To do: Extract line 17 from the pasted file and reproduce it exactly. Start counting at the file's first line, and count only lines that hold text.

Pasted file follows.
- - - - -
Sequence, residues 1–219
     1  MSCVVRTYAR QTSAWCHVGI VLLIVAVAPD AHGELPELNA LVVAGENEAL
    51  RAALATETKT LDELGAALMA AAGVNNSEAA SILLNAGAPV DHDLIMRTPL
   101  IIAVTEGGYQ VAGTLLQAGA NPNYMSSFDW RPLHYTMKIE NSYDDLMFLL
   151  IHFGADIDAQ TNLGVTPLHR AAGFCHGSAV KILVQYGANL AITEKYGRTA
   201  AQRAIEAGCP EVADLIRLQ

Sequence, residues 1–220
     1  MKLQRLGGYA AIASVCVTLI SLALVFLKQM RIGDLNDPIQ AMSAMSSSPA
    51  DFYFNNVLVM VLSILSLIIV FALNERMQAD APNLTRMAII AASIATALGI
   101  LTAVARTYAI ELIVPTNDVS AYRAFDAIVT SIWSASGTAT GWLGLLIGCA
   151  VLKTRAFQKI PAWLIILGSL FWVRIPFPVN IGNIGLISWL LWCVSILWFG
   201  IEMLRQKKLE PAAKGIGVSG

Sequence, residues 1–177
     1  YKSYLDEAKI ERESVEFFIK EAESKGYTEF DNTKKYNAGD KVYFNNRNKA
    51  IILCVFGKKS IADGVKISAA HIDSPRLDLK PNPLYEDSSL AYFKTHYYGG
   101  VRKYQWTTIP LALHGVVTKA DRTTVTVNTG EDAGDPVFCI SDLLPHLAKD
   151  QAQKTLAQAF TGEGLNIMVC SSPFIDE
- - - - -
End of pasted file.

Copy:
   151  QAQKTLAQAF TGEGLNIMVC SSPFIDE